Quitobaquito pupfish (Cyprinodon macularius)
Range: Organ Pipe National Monument in Arizona
The only known Quitobaquito pupfish in the world make their home in a half-acre pond in Arizona’s Organ Pipe Cactus National Monument. Brightly colored but small (just five centimeters), pupfish feed on worms, insects, and zooplankton. Predation by nonnative species and sedimentation of water due to erosion of surrounding land are the prime culprits behind the pupfish’s decline. The construction of the nearby Mexican border fence is worsening the erosion. The Quitobaquito pupfish has been on the endangered species list since 1986. While this little fish can tolerate warm water, its half-acre pond could warm to unprecedented and dangerous levels if climate changes goes unchecked, or fall to dangerously low water levels with increasing drought conditions.

To help the Quitobaquito pupfish and other border species, the Center is working to ensure enforcement of environmental laws regarding border construction and activities, including the Endangered Species Act, Clean Water Act, and National Environmental Policy Act.
Rio Grande cutthroat trout (Oncorhynchus clarki virginalis)
Range: Southern Colorado and Northern New Mexico
Once plentiful throughout southern Colorado and New Mexico, the Rio Grande cutthroat trout now occupies less than 10 percent of its previous range. While the fish has been designated a threatened species thanks to Center litigation, federal authorities have yet to implement any meaningful conservation measures, citing “more pressing work.” However, with climate change rapidly bearing down, the time to act is now. Rio Grande cutthroat trout live in clean, cold mountain streams and rivers and require low summer water temperatures and clean gravel for spawning. Rising water temperatures caused by global warming threaten to make rivers and streams less habitable for the trout.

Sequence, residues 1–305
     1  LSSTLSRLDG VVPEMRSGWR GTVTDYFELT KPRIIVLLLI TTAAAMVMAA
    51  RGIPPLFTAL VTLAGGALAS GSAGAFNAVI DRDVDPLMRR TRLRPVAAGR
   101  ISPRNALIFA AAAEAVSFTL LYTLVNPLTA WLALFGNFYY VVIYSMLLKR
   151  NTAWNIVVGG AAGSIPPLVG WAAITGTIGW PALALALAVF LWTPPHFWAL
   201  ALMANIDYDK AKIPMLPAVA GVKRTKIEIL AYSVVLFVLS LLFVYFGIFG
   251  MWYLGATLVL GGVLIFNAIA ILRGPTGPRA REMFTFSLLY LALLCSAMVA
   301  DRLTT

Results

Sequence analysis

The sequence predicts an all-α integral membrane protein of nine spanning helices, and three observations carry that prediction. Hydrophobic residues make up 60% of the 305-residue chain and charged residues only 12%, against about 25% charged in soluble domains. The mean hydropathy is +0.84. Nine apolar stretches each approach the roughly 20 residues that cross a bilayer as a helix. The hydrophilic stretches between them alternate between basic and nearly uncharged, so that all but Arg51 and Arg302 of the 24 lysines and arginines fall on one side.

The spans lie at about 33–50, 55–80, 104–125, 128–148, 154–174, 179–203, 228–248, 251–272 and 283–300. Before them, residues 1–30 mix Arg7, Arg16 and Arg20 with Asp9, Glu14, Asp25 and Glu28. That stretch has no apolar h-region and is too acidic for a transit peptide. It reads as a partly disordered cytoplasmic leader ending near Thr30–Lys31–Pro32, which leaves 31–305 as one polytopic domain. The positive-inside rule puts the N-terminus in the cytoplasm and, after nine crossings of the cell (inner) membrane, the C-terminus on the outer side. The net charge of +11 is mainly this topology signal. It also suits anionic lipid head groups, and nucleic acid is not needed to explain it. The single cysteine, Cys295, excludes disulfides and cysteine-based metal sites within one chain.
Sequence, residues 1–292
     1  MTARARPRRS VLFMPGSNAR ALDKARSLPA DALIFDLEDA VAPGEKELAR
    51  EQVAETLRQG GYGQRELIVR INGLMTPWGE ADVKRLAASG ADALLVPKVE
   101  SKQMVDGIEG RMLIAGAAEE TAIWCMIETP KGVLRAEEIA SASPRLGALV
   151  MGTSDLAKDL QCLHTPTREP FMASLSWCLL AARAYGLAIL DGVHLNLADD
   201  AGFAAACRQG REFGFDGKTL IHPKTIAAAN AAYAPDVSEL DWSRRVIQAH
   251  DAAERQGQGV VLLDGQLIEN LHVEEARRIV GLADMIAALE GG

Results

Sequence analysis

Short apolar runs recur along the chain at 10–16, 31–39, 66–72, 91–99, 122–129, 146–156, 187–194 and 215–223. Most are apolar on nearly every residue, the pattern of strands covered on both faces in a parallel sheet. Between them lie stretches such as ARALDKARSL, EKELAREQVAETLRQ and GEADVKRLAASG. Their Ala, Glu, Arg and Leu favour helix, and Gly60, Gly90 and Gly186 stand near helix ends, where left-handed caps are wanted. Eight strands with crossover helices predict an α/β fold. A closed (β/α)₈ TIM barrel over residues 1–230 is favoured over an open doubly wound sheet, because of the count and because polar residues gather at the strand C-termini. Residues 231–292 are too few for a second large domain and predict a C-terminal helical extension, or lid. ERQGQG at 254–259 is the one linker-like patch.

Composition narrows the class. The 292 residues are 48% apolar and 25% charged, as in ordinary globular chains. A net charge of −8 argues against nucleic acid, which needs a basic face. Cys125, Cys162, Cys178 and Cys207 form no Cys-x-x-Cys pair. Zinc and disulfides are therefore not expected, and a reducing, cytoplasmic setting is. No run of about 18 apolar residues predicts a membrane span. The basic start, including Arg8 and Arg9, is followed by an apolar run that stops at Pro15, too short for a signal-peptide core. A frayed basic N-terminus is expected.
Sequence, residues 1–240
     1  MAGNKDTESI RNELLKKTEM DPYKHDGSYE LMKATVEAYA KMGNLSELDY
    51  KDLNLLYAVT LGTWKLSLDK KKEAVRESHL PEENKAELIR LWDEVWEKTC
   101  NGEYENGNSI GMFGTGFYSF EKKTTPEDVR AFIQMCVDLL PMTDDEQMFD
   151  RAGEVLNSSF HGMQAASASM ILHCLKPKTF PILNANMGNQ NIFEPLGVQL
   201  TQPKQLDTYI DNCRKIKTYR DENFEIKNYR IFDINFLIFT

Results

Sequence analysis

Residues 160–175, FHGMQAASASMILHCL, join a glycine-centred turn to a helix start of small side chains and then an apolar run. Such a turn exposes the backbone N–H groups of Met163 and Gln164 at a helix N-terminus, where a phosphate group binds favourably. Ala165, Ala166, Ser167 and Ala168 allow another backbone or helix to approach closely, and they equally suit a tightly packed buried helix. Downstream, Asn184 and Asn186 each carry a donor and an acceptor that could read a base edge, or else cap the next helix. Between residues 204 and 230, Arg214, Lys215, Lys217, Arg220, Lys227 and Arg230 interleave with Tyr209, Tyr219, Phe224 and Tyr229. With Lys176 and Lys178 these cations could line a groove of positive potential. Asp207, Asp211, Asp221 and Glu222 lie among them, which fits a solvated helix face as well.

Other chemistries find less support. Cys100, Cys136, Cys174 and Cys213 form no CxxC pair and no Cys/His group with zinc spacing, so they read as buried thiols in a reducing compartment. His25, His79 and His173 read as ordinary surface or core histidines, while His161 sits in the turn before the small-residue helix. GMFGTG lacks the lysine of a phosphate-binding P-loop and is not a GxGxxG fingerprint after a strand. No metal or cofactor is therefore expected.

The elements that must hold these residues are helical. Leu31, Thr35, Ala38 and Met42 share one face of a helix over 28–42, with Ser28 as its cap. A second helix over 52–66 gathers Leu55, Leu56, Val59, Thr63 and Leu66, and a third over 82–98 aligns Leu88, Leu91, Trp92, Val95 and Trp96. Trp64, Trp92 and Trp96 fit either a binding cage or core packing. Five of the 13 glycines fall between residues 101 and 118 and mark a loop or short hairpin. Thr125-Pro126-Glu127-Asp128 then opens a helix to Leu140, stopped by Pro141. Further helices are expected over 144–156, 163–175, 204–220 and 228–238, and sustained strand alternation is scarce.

The Center first petitioned to list the Rio Grande cutthroat trout under the Endangered Species Act in 1998. After the U.S. Fish and Wildlife Service declined to protect the trout, we took the agency to court and the Service announced eventually found that the trout’s situation warrants protection — unfortunately, federal protection still hasn’t been granted.
Roundtail chub (Gila robusta)
Range: Colorado River basin and possibly parts of northwestern Mexico
While an interesting fish in its own right, the roundtail chub is also immensely useful as an ecosystem indicator. The fact that the chub has been extirpated from 80 percent of its original habitat does not bode well for either this species or other river dwellers. In the Colorado River basin where the fish lives, temperatures are warming, snowpack is declining, and many streams are shifting their peak flow earlier in the year. Climate models robustly project that the Colorado River basin will continue to become warmer and more arid, changes predicted to reduce the flow of the Colorado River by 10 to 30 percent. Depleted stream flows, changes in the timing of water flow, and rising stream temperatures jeopardize the chub.

After a petition and two Center lawsuits, the roundtail chub was found to warrant Endangered Species Act protection; unfortunately, it’s still languishing on the list of mere “candidates” for protection.
Sacramento splittail (Pogonichthys macrolepidotus)
Range: Sacramento River delta, Suisun Bay, Suisun Marsh, and Napa Marsh
The Sacramento splittail is large for a minnow, regularly reaching lengths of over 12 inches as an adult. The splittail is also unusual for a North American minnow in that it makes dramatic annual spawning migrations. Like most freshwater minnows, the splittail relies on specific environmental conditions, conditions easily disrupted by climate change. According to the U.S. Fish and Wildlife Service, long-term climate changes may significantly change the timing, duration, magnitude, and frequency of floodplain inundation with the splittail’s range, influencing future population trends.

The Sacramento splittail was originally listed as a threatened species in 1998 thanks to a Center petition and lawsuit. Unfortunately, in 2003 the Service removed the splittail from the threatened species list, despite a strong consensus by scientists within the agency that the species should retain its protected status. In 2009 the Center sued the Service to restore federal protection.
Santa Ana sucker (Catostomus santaanae)
Range: Southern California’s Santa Ana, San Gabriel, and Santa Clara rivers, as well as Big Tujunga Creek
Most of the pristine river habitat that the Santa Ana sucker needs to survive is located within the metropolitan Los Angeles area, making the fish an unintentional big-city dweller. Reduced to just a handful of populations, the sucker faces threats from water extraction, pollution, urban sprawl, and climate change. Reduced rainfall and more frequent and severe droughts in Southern California caused by climate change threaten the sucker’s remaining river habitat.